DEI surveys give you a stronger understanding of your employees’ opinions related to DEI commitment, goals, and initiatives than you can achieve from a broader engagement survey.
With a DEI survey, you can:
DEI surveys go beyond a high-level engagement survey, which may only include a few general questions related to inclusion, to provide in-depth data on employee perceptions of DEI.
This empowers leaders to not only answer questions like “Why are people leaving the company?” with greater precision, but also develop strategies that successfully address those issues.
Without reliable DEI survey data to ground your efforts upfront, your DEI program is more likely to be rudderless and, therefore, largely ineffective.
Asking the right questions is critical to gathering useful and actionable employee feedback on DEI. Unfortunately, there is no one magical list of DEI questions every organization must ask. Relevant survey content depends much on what decisions need to be made regarding DEI.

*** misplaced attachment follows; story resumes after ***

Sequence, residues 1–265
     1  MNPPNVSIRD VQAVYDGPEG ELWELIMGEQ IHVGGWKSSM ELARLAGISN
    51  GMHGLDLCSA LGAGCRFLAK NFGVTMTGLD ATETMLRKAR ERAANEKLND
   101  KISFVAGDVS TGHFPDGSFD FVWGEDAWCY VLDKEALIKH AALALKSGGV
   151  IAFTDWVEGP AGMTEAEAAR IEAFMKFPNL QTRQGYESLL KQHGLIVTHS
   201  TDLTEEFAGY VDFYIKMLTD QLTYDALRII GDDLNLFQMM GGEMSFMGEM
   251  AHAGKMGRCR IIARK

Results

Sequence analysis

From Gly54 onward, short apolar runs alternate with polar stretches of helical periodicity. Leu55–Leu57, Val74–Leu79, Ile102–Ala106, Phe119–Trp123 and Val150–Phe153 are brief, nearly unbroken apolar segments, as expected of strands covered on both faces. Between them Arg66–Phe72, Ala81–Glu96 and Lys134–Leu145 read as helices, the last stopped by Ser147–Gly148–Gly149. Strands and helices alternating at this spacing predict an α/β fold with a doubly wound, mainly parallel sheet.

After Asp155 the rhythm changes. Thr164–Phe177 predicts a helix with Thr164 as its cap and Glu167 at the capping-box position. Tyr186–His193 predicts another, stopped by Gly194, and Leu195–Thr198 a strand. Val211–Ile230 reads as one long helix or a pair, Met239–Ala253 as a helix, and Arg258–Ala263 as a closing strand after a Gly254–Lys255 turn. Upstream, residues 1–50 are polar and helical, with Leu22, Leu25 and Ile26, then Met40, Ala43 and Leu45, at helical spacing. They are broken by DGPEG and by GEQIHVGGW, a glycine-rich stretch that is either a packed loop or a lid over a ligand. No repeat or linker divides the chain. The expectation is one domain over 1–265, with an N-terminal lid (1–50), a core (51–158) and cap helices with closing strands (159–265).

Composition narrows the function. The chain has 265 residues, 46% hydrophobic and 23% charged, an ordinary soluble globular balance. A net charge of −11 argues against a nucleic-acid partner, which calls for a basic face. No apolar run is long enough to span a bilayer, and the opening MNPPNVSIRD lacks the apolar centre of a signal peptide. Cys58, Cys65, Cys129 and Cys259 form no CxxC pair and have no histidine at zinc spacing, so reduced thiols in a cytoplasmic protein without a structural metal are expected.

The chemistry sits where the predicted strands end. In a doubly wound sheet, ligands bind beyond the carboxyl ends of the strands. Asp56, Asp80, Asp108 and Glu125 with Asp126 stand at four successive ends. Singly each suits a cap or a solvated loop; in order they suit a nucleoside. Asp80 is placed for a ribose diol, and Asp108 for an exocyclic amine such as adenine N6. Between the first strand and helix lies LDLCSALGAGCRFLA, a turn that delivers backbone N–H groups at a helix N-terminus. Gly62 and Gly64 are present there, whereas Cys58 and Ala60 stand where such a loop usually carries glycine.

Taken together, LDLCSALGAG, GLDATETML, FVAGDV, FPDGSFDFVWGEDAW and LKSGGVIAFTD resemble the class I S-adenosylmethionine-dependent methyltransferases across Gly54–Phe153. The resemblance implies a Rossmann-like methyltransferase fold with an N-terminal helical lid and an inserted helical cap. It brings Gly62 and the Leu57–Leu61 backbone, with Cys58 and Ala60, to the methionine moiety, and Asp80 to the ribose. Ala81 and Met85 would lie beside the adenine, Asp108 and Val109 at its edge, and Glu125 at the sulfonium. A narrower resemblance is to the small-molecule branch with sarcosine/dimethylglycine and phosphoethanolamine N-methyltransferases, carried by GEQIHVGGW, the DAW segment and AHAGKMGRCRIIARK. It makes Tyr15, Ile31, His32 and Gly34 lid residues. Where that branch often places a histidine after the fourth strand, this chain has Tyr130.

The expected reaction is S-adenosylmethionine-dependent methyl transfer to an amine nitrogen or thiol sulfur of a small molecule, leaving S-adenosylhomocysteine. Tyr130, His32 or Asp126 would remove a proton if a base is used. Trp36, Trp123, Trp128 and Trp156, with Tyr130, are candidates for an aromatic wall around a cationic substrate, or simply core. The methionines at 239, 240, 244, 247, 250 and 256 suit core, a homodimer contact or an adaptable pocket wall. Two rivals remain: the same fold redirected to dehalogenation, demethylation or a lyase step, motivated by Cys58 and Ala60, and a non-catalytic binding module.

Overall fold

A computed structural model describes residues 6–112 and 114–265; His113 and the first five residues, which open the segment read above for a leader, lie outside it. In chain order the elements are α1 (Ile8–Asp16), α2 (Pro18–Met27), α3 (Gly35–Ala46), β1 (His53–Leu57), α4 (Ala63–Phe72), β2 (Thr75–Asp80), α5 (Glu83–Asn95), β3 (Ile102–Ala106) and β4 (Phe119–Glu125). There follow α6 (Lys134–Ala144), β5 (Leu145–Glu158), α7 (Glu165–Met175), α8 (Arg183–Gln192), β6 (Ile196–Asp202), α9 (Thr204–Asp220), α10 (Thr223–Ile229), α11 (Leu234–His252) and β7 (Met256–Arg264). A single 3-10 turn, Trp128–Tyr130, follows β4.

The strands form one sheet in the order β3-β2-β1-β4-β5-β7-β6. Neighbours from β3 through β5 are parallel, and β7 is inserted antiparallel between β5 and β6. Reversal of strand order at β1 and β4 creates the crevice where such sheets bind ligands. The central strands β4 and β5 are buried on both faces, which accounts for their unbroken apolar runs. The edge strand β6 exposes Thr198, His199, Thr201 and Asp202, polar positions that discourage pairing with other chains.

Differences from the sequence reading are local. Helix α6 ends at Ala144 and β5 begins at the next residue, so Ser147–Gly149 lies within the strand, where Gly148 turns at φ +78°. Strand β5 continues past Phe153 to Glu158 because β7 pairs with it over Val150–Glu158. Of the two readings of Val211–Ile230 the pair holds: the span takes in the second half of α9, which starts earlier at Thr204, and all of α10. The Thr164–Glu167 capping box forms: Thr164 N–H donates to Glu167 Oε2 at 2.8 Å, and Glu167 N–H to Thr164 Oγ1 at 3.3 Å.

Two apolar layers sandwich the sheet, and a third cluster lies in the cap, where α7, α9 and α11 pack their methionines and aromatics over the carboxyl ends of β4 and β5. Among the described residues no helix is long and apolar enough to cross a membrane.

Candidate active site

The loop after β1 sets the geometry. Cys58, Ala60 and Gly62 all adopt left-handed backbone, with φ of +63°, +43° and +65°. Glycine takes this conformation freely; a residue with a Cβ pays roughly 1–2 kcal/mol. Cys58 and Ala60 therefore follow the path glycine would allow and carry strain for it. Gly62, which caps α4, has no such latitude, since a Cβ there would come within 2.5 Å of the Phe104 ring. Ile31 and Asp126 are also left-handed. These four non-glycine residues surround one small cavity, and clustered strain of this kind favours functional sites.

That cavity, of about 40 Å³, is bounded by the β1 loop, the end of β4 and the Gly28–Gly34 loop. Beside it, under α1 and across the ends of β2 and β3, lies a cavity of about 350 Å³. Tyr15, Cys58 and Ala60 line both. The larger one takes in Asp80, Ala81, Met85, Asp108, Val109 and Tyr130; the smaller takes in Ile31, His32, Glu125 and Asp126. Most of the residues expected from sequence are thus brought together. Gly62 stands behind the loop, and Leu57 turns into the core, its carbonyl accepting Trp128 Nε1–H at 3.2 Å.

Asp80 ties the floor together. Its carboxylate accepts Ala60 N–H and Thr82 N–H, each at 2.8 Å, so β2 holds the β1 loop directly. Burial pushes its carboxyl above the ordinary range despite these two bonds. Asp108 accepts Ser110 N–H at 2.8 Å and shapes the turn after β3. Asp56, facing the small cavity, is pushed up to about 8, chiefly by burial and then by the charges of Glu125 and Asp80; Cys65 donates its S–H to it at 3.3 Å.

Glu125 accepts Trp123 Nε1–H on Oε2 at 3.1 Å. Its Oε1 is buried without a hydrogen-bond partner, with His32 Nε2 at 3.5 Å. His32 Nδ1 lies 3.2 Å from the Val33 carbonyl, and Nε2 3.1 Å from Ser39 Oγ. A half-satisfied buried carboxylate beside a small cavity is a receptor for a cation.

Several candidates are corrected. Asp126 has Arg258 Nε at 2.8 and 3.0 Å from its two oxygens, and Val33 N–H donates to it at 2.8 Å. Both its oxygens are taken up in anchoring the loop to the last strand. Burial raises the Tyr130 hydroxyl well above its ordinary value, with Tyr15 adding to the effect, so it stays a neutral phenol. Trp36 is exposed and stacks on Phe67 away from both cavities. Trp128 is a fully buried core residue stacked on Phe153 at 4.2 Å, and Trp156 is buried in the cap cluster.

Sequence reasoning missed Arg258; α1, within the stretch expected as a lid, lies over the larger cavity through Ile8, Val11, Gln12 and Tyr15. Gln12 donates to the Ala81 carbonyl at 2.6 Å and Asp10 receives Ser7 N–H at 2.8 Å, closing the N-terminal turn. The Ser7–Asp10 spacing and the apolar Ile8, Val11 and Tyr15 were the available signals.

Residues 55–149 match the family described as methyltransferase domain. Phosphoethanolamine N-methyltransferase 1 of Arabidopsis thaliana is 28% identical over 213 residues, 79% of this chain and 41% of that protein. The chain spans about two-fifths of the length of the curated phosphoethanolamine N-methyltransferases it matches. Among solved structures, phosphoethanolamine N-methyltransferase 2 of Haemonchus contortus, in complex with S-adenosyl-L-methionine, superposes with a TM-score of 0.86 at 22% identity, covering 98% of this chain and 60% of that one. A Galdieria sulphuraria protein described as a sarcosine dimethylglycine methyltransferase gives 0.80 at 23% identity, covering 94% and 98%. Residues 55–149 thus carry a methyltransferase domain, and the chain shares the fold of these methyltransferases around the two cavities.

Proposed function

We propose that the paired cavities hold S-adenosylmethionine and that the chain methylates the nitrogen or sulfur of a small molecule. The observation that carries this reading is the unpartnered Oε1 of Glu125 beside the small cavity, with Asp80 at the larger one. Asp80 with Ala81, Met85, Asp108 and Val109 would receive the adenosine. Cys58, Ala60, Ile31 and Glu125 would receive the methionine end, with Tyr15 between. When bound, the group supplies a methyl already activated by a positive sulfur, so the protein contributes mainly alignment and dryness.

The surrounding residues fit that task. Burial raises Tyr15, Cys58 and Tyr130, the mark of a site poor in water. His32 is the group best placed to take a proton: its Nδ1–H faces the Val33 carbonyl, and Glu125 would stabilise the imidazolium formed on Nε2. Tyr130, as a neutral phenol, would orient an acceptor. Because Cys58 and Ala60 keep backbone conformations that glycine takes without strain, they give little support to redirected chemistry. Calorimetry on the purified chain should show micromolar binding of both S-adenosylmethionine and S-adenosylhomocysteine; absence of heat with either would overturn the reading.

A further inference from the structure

For instance, are you trying to:
Many employee engagement surveys include some items related to DEI, such as belonging. Or they may only include high-level, temperature check items such as “To what degree do you feel your company is inclusive of all employees?”
These are not necessarily bad survey items, but most often, they do not provide enough insight to provide actionable direction for an organization just starting its DEI journey to determine what types of DEI support and actions are needed.
Once an organization has the foundational understanding of what DEI issues matter most to their employees, and they have developed sustainable DEI plans and goals, they may desire to develop pulse surveys or a relevant DEI index to include in their engagement survey, to measure progress over time.